features,$w = [w_1, w_2, ..., w_d]$are the model parameters and$b$is the bais. The feature set includes raw input features and transformed features. One of the most important transformations is thecross-product transformation, which is defined as:

$\phi_k(x) = \prod_{i=1}^d x_{i}^{c_{ki}} \quad c_{ki} \in \{0, 1\}$

where$c_{ki}$is a boolean variable that is 1 if the`i`

th feature is part of the`k`

th transformation$\phi_k$, and 0 otherwise. For binary features, a cross product transformation (e.g. "AND(gender=female, language=en)") is 1 if and only if the constituent features are all 1, and 0 otherwise. This captures the interactions between the binary features, and adds nonlinearity to the generalized linear model.

Then question arises, how is the

$\vec{c}$

defined in cross product transformation? Do we manually parameterize it? How is the cross product transformation defined for binary features?The deep component is a feed-forward neural network. For categorical features, the original inputs are feature strings. Each of these sparse, high-dimensional categorical features are first converted into a low-dimensional and dense real-valued vector, often referred as an embedding vector. The dimensionality of the embeddings are usually on the order of O(10) to O(100). The embedding vectors are initialized randomly and then the values are minimize the final loss function during model training. These low-dimensional dense embedding vectors are then fed into the hidden layers of a neural network in the forward pass. Specifically, each hidden layer performs the following computation.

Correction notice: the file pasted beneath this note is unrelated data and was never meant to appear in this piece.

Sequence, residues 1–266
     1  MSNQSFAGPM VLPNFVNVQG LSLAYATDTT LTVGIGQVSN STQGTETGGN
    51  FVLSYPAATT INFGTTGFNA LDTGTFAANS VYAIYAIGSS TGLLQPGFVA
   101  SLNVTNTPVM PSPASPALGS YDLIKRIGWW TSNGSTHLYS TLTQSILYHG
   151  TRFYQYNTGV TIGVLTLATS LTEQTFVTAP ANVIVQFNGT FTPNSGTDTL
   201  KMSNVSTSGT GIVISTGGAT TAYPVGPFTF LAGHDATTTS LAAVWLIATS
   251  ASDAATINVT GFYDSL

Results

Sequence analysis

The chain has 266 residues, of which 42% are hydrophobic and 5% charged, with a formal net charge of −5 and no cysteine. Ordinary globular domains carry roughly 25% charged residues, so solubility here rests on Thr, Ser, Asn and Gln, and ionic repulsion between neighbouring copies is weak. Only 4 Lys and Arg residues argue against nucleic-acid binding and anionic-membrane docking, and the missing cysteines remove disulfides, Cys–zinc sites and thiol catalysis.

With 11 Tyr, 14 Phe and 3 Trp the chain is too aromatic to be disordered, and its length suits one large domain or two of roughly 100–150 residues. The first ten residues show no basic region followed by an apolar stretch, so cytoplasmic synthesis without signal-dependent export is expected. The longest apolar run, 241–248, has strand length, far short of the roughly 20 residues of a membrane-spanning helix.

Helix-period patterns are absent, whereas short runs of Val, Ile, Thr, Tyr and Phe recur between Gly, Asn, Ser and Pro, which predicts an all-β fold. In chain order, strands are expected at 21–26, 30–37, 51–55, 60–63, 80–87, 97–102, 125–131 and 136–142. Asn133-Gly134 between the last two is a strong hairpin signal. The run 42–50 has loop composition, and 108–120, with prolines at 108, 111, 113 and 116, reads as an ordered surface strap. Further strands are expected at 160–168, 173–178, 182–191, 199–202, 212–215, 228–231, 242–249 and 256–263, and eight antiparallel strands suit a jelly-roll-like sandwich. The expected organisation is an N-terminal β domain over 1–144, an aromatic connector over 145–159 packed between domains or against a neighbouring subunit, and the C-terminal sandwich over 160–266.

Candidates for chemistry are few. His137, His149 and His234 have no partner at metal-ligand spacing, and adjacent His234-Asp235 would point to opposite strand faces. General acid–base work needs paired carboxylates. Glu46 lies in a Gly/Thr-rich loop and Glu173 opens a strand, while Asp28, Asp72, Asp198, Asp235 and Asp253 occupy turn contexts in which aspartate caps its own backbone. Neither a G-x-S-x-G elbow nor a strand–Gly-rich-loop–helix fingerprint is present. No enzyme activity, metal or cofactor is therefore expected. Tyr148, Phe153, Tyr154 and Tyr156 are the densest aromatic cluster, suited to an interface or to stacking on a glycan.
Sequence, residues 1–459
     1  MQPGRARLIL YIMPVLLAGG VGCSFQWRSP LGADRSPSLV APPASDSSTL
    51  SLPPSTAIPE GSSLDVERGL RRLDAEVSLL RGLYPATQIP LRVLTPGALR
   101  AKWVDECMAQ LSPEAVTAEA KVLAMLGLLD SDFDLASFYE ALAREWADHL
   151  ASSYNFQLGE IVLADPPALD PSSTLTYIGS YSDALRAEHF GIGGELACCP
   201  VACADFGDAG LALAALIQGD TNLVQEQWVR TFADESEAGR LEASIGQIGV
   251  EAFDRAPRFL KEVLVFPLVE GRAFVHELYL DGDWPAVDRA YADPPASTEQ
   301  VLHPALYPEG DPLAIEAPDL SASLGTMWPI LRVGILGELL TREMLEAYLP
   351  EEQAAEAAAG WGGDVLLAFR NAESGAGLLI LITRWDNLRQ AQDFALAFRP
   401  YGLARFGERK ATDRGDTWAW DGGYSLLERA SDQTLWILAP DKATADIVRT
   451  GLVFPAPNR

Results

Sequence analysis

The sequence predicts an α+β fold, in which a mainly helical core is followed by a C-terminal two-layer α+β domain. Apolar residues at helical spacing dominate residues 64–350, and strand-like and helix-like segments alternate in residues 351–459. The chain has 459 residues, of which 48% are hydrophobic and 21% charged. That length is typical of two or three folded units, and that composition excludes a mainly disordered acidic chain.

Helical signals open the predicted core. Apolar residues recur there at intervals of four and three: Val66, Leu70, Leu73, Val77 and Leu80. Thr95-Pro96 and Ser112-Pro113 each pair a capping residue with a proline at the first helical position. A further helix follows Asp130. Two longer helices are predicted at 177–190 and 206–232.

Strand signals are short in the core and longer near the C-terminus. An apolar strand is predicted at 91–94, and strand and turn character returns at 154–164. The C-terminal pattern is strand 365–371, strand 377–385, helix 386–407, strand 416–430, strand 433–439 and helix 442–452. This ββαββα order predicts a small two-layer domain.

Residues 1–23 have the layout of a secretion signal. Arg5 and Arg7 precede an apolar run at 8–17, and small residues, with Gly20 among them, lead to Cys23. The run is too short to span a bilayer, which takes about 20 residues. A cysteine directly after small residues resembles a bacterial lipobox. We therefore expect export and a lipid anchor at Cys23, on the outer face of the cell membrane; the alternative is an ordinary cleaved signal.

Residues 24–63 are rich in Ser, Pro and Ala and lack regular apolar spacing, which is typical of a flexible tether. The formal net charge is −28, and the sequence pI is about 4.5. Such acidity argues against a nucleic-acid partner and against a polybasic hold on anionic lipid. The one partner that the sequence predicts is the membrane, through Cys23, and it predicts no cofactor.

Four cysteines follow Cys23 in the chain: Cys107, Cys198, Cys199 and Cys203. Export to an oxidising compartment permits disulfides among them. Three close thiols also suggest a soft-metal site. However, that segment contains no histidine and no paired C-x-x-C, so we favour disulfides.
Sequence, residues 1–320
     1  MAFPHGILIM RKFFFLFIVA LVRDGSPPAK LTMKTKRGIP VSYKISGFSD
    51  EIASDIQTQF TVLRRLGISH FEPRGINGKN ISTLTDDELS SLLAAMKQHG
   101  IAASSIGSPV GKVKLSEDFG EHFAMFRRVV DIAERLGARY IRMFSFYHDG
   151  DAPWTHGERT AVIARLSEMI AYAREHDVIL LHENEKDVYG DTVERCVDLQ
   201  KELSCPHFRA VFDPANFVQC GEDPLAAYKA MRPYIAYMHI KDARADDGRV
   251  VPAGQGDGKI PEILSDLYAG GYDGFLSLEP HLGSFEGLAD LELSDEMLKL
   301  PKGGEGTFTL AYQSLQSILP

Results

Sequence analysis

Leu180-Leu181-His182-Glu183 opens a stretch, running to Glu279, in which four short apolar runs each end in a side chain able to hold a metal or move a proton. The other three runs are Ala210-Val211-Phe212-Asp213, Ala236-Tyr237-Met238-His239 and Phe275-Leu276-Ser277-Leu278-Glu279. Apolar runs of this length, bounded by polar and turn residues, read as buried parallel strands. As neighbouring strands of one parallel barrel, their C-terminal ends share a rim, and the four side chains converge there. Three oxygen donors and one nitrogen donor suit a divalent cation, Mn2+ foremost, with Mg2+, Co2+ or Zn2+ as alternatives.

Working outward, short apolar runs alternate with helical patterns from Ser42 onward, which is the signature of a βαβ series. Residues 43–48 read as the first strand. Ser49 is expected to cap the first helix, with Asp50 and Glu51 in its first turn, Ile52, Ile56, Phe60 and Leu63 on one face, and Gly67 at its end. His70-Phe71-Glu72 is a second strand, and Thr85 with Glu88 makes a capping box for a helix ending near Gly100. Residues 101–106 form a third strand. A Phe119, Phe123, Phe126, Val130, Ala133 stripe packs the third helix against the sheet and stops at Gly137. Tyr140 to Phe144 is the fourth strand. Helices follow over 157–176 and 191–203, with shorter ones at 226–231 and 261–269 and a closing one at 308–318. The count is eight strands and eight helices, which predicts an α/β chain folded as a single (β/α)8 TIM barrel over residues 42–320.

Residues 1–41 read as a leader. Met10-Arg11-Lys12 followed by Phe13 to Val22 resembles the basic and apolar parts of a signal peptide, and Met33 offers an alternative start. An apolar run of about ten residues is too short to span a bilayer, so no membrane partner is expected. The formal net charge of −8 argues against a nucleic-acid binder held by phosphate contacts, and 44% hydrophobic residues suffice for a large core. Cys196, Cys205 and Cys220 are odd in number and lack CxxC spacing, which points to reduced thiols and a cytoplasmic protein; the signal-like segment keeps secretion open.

$a^{l+1} = f\left(W^la^l + b^l\right)$

where$l$is the layer number and$f$is the activation function, often ReLU.$a$,$b$, and$W$are the activations, bias, and model weights at$l$th layer.